Hopes for Mideast peace are shared among several faith leaders
Friday evening conference gathers representatives of Jewish, Christian, Muslim faiths
July 2, 2010
A pre-assembly conference Friday on peace in the Middle East helped set the stage for the 219th General Assembly (2010) of the Presbyterian Church (U.S.A.).
“Shalom, Salaam, and Peace: One Hope, Two Peoples, Three Faith Traditions” brought together perspectives on the Middle East from diverse faiths practicing in context.
“We gather as a people of deep faith,” said the Rev. Dr. Ronald L. Shive, chairperson of the Middle East Study Committee (MESC). “We gather as a people who have a persistent hope for a just peace in the Middle East.”
The purpose of the conference was to discuss the conflict from three faith traditions (Jewish, Muslim and Christian) who are bound together and who have strong traditions, including social justice, said Shive, pastor of First Presbyterian Church in Burlington, N.C., in Salem Presbytery.
The evening event was sponsored by the MESC. The committee was authorized by the 218th General Assembly (2008) “to prepare a comprehensive study, with recommendations, that is focused on Israel/Palestine within the complex context of the Middle East” and to report back to the 219th General Assembly (2010).
The committee’s 172-page report with recommendations is entitled “Breaking Down the Walls” and will come before the GA’s Middle East Peacemaking Issues Committee.
In addition to presentations by speakers, the pre-assembly gathering included a dialogue between the presenters, a question-and-answer session with attendees and dinner.
Avraham Burg, who formerly served as a member and speaker of the Knesset, as an Israeli Cabinet minister and as chairperson of Jewish Agency for Israel, opened the discussion. Among his points was that a competition has developed between Israelis and Palestinians over who has suffered more traumas.
On one side, “We are always the eternal victims,” Burg said. Yet at the same time, the other side talks about humiliating occupation, the effects of colonialism and other traumas, he added.
Instead of respecting the pain of the other, the parties negate it, he said. They “do not recognize the suffering of the other.”
Yet if the attitude is warm and embracing, “I believe that something else can come out of it,” Burg said.
The first stage, he said, must be recognition of the situation, which includes acknowledging a responsibility for the problems of Palestinian refugees. Action must be taken by the civil society to encourage political change.
There also must be a move from “trauma to trust,” Burg urged. “There are people out there ... who are my partners.”
“We need a different paradigm,” he said.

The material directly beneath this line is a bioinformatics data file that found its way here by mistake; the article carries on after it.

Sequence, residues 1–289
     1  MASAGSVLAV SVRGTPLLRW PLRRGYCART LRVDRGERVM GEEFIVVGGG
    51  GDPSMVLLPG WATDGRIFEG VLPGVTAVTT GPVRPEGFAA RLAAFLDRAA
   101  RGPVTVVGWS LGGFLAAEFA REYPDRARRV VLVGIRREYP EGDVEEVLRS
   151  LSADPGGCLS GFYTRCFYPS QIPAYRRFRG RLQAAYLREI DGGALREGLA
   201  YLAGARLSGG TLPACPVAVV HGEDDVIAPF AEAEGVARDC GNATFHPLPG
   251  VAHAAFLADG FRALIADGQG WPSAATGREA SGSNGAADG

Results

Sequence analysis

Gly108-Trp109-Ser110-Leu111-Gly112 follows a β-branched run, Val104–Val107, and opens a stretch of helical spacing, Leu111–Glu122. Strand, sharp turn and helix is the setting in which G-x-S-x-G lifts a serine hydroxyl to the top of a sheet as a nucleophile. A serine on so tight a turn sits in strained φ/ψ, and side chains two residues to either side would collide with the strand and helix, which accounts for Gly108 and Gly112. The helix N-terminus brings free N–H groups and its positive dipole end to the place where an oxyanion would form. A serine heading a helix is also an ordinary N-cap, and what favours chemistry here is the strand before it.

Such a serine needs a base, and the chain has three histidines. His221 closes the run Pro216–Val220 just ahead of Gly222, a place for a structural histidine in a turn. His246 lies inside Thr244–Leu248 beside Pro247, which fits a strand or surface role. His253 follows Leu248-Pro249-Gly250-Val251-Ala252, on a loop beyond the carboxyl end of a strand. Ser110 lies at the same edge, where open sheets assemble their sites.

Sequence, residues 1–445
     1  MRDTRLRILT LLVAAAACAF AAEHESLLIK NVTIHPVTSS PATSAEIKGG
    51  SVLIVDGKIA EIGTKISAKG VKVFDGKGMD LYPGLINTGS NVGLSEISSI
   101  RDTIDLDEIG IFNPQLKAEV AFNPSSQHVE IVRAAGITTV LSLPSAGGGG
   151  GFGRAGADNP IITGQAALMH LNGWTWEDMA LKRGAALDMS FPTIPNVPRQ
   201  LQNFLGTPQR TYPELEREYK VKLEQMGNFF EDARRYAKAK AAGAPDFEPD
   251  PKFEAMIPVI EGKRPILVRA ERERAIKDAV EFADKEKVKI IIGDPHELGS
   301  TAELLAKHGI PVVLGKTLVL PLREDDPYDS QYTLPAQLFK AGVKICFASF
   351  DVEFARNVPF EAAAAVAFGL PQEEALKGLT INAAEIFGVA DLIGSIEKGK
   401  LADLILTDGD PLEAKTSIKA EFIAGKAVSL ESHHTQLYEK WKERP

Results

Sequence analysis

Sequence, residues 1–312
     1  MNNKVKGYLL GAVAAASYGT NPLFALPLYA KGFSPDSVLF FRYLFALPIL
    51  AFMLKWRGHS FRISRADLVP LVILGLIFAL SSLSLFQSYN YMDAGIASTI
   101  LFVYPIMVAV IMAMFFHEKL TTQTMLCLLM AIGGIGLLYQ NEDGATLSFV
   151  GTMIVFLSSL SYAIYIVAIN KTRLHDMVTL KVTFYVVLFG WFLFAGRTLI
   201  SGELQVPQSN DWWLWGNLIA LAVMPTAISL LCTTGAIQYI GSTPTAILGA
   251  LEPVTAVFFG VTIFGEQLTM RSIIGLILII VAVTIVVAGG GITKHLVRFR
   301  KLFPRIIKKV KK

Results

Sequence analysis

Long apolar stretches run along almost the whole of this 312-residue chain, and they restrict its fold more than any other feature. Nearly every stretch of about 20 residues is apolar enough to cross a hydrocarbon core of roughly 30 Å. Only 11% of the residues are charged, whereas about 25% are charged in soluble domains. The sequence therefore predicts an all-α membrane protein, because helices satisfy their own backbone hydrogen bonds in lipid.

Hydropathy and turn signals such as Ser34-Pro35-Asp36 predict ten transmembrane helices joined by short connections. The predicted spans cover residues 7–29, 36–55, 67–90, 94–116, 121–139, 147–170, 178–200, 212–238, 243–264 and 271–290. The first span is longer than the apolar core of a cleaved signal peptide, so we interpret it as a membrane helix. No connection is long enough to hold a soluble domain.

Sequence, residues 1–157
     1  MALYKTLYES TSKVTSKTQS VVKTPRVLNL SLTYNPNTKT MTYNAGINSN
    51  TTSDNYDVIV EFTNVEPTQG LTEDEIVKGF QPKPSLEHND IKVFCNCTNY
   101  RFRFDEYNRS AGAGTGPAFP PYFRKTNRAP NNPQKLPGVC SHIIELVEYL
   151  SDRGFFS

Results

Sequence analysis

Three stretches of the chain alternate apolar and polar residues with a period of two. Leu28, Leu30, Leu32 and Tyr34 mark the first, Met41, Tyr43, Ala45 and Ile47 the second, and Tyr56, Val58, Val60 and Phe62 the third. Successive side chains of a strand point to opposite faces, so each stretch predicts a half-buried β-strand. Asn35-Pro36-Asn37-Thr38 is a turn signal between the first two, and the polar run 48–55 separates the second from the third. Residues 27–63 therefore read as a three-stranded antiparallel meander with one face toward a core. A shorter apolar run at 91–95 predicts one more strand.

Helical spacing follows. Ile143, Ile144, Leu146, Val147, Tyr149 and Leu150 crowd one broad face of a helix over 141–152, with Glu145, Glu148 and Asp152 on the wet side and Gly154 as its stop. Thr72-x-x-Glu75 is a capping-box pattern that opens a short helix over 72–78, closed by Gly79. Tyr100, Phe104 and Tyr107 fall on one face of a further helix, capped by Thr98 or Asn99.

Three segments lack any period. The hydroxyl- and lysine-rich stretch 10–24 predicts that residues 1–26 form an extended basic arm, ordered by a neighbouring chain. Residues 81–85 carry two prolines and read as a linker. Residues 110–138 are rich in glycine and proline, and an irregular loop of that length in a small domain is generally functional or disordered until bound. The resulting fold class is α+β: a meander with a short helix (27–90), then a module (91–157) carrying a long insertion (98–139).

The Rev. Mitri Raheb, the second presenter at the conference and a Palestinian Christian, shared candidly about the plight of Palestinians. His own teenage daughter had to be smuggled into Jerusalem after being denied a permit to enter. The high school student needed to apply for a visa to the United States, where she had been granted a scholarship to study.
“We cannot even move within our own country,” said the pastor of the Evangelical Lutheran Christmas Church in Bethlehem, West Bank, and founder and president of the Diyar Consortium and International Center of Bethlehem.
The West Bank is being converted into “Swiss cheese” where Israel gets the cheese and Palestinians are pushed behind walls into the holes, said Raheb, who said he looks outside every day to see settlements encroaching into Bethlehem.
“The facts on the ground, they speak much louder than all of these peace talkers,” he said. “The conflict is not a philosophical conflict ... it’s existential.”
Ironically, one of the three speakers scheduled to participate, Palestinian Muslim Dr. Allam Jarrar, was not able to attend because he was not given an opportunity for a visa interview at the United States consulate in Jerusalem, meeting attendees were told.
However, in printed comments for the conference, Jarrar reiterated some of the principles that have guided Palestinians’ efforts toward comprehensive and permanent peace.
“Peace requires respect for the sovereignty, territorial integrity and political independence of both nations and their right to live in peace within secure and recognized boundaries, free from threats or acts of violence or force,” he wrote.
Further, he wrote, “A sustainable peace should be based on justice and equality.”
Raheb said Israel’s implementation in Palestine of a system of segregation, building walls in order to keep the best resources, and creating reservations mirroring those used in the U.S. with American Indians “are actually making peace totally impossible.”
The reality is depressing, Raheb acknowledged. Still, “because of the deadlock, we have to speak out ... to speak words of faith, hope and love.”
“There is so much to be done,” he said. The Middle East Study Committee report, Raheb said, “is for me a sign of hope.”
One of the options he discussed was creative, nonviolent resistance – specifically the use of boycotting as a tool, mentioned in a document Raheb and other Palestinian Christians authored.
While Burg shunned boycotting, he offered his own participation in a mass hunger strike at the separation barrier as a nonviolent option.
“This is real Ghandi-style civil disobedience,” Burg said.